Potentially of interest:

    Sociologist Troy Duster on “How Much Can DNA Really Tell Us About Race?”

    http://www.uctv.tv/search-details.asp?showID=13008

  4. #4 Little Red Riddinghood
    September 29, 2008

    Sounds Cool , but as soon as I read this “swab out a few cheek cells (just like they do on CSI or Law & Order!”… all kind of paranoic and fatalist thoughts came to my mind … what if…..and then…… make it stop !

  5. #5 Bad Albert
    September 29, 2008

    Of course there will be some that are offended if they are given any results that go back more than 6,000 years.

  6. #6 Patrick Quigley
    September 29, 2008

    Off Topic:

    The Wall Street bailout plan has failed to pass. With the U.S. and possibly the world on the verge of financial disaster, will our politicians spend the next few days working on other solutions? No. They only have a few more hours, because Rosh Hashanah begins today at nightfall, and congress is more afraid of upsetting sky-fairies upset than they are of a second great depression. Isn’t religion wonderful?

  7. #7 Joe Felsenstein
    September 29, 2008

    Going back 10 generations, you had 1024 ancestors. You now have information about one of them. Most of your genes came from (some of) the 1023 others. So it may be premature for you to think that you now know about your ancestry! Y chromosome coalescents (which is what these trees of gene copies are called — they are not phylogenies) tell us about ancestry of populations, being one sample from the many ancestral lineages. But for an individual, they are a poor guide to where the non-Y-chromosome part of their particular genome came from.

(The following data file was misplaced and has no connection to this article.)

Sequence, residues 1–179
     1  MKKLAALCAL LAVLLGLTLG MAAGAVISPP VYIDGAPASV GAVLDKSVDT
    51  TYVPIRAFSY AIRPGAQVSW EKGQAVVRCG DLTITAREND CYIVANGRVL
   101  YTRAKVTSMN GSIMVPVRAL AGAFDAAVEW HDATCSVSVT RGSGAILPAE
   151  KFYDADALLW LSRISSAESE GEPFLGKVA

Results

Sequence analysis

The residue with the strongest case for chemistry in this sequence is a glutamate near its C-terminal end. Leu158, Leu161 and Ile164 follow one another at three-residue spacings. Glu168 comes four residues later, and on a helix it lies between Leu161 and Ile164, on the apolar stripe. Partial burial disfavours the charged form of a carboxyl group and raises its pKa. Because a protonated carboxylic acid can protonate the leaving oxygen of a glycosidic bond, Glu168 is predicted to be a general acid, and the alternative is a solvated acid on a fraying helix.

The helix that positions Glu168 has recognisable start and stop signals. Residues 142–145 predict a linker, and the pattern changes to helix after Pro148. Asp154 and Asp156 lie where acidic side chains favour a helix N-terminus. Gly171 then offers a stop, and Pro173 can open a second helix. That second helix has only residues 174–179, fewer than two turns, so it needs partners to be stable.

8. #8 Deepsix
    September 29, 2008

    So, should we all mark “African American” (assuming you live in the US) on all forms that ask for such information?

  9. #9 Ichthyic
    September 29, 2008

    The Wall Street bailout plan has failed to pass.

    That had better NOT turn out to be because of select rethuglicans holding out for capital gains tax cuts.

    http://online.wsj.com/article/SB122270285663785991.html?mod=googlenews_wsj

    …wait. what am i saying? if it does turn out to be because of those mofos holding out over adding the capital gains rider, then that will fucking doom the rethuglicans for the next 4 years in the house.

    so, uh, good job, morons?